The avant-garde of the Russian Revolution
Artists like Vassily Kandinsky were the vanguard of an artistic revolution peaked in the 1920sworld Updated: Nov 19, 2017 07:34 IST
It is arguably the most famous logo of our era. To my generation of Indians, the hammer and sickle was more familiar than the double arches of McDonald’s. So simple in its elements and so easy to recognise, it labelled an unmistakable brand. In 1917, with the Bolsheviks new to power, Lenin decreed a competition be held to choose the new Soviet emblem. The winning design illustrated the union of workers and peasants, and as some saw it, also the cooperation between men and women who wielded these tools respectively.
In fact, the virtuosity of this outstanding piece of graphic art arose out of a rich seam of creativity in the visual arts. The Russian Avant-Garde, as that group of highly talented and original men and women, are loosely termed, was indeed the true vanguard of an artistic revolution that began at the turn of the century and peaked in the 1920s. Many of them were caught up in the exhilaration of a new order and were enthusiastic participants in the Agitprop or Communist propaganda movement. After the Bolsheviks seized power, an Agitprop train travelled through the Russian countryside, with artists and actors on it. Early films were screened and plays performed, while posters were printed on board to give out.
That period of ferment saw the active participation of artists such as Vassily Kandinsky and Casimir Malevich, whose astonishing abstract designs were much admired by Marc Chagall. Malevich sought an aesthetic where form rather than representation was supreme (this was dubbed Suprematism). Chagall himself had been offered the prestigious post of Commissar for the Arts under the new regime, but he preferred to work in Vitebsk, Belarus where his influence on the modernist art movement was immense. These artists saw themselves as champions of the New Art which was integral to a New Society. There were prominent women in these circles as well, including Maria Lebedeva, whose designs incorporated “progressive” images, such as the red star, smoking factory chimneys and telegraph wires.
Posters remained an important vehicle of artistic communication. Porcelain, much of it produced for export, became another. In 1922, Malevich was among those artists who worked for the State Porcelain Factory in Leningrad. Completely unique, contemporary designs were produced at this factory, which flew in the face of industrial mass production. And that was to become a problem…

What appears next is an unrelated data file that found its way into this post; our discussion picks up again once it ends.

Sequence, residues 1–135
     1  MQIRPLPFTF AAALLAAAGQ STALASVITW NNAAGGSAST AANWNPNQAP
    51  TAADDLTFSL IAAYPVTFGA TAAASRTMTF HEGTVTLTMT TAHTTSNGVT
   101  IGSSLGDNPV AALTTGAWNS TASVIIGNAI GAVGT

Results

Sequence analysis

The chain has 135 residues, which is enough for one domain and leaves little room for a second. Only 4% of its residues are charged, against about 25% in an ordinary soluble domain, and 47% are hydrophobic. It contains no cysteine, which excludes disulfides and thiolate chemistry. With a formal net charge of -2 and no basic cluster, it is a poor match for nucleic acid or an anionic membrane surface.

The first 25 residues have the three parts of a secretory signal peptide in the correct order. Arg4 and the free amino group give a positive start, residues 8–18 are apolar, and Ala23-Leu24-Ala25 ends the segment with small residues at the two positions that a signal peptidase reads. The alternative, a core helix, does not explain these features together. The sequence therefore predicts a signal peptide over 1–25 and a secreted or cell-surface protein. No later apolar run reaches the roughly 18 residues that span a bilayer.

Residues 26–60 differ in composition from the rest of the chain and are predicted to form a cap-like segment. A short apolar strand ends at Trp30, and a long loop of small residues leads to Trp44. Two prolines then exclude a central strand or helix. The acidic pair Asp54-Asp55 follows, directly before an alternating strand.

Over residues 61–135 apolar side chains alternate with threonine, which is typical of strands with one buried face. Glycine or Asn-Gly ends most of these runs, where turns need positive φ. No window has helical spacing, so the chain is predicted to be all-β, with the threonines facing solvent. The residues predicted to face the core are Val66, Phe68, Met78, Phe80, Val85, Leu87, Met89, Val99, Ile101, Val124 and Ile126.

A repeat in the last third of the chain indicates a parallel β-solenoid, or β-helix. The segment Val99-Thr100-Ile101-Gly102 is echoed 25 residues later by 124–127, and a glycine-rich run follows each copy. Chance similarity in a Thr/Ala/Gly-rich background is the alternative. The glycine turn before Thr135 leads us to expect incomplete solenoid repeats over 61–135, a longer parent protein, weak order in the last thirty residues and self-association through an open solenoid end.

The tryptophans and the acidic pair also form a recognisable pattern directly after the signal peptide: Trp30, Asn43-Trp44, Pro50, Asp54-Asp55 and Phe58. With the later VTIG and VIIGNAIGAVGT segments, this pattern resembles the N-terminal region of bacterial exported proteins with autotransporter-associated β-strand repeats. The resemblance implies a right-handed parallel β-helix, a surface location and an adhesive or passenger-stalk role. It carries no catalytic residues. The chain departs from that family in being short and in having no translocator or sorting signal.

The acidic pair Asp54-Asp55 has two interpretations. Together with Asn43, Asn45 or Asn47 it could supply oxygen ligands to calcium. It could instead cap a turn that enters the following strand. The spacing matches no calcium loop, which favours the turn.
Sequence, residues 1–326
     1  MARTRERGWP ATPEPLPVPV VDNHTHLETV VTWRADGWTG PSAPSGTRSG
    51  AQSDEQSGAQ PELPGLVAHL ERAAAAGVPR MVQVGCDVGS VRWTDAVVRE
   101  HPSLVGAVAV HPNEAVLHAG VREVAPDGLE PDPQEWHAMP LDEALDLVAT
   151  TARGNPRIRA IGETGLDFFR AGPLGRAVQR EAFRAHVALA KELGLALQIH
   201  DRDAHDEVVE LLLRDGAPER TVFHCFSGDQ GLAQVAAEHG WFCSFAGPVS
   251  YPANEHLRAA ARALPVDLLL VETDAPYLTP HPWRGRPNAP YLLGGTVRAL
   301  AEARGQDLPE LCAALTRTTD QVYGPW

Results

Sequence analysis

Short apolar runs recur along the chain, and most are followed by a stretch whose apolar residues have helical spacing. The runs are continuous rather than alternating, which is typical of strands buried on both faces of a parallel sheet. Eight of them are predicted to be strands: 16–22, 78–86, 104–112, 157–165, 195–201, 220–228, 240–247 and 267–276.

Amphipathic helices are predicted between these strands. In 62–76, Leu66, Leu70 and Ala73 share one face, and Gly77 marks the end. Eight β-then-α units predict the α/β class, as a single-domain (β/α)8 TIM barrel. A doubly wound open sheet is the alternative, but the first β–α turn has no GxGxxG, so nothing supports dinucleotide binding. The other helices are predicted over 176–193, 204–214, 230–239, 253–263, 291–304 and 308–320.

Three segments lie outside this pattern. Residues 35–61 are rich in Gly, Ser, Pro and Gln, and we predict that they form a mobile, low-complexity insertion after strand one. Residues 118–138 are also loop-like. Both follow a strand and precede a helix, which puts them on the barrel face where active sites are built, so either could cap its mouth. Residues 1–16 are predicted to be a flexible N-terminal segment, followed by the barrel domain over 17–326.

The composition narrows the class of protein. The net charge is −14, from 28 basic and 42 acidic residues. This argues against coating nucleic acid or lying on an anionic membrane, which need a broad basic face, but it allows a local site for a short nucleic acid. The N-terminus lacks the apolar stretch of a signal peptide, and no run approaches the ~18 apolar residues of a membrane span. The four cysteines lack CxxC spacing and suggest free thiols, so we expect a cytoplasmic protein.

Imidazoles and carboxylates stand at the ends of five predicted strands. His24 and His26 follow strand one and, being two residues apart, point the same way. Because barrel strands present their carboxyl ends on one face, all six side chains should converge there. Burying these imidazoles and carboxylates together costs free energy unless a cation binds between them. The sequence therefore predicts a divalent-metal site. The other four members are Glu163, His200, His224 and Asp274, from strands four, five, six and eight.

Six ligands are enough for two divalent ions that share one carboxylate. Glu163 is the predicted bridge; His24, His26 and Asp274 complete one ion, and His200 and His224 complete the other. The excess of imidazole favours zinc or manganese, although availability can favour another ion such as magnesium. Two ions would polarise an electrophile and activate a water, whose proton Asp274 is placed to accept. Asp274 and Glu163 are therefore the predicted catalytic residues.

Some of the artists felt stifled by the growing pressure to conform to official diktats. Malevich, who was in Berlin in 1927, was ordered home and arrested. (Fortunately, he left much of his art behind.) His influence on the German Bauhaus and the Dutch De Stijl, and on 20th century graphic design in general, was seminal. Kandinsky had played an important role in the cultural life of the fledgling Soviet state and in the organisation of museums. Like Malevich, he was soon condemned for being “bourgeois”. He moved, first to Weimar Germany and later, having been condemned by the Nazis for the producing “degenerate art”, to Paris.
Hitler and Stalin had fairly similar views on art. Stalin’s taste ran to sentimentalised portraits of rosy-cheeked peasants. In 1932, he closed down all independent artists’ unions. Former Agitprop artists had to adapt to the new climate or risk being blacklisted. Some ended their days in labour camp, but most reconciled themselves to being cogs in the wheel of mass production in government factories, churning out disingenuous examples of socialist realism.